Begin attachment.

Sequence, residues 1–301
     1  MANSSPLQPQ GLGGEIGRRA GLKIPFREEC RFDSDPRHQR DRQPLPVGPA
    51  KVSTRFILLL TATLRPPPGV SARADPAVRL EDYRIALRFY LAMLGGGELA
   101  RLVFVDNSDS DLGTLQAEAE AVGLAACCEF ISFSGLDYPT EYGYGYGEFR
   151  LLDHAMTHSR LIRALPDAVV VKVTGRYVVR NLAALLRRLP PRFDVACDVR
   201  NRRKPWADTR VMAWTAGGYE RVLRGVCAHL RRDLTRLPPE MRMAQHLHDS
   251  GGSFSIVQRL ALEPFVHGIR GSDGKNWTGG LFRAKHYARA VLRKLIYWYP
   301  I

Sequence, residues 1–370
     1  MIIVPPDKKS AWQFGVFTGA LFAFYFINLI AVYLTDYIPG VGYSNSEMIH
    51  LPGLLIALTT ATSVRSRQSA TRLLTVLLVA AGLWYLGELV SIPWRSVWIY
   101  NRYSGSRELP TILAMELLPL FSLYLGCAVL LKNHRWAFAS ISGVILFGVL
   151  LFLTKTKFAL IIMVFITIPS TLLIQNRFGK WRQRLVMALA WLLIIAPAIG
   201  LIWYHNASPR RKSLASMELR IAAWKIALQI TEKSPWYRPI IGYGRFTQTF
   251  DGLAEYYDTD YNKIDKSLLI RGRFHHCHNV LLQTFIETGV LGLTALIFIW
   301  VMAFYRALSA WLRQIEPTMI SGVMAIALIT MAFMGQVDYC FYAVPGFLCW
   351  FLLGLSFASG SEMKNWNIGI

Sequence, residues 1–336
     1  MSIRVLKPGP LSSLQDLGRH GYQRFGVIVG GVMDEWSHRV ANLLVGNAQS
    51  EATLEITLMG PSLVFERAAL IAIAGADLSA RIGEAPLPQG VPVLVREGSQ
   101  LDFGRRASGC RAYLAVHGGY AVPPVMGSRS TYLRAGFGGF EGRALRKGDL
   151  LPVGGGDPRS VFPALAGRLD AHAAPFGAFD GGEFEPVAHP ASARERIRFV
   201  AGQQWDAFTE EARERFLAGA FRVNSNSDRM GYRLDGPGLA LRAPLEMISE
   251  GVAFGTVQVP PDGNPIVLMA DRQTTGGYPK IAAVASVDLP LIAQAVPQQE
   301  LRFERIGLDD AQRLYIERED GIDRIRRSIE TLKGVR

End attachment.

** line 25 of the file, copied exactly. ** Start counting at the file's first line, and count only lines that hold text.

   301  LRFERIGLDD AQRLYIERED GIDRIRRSIE TLKGVR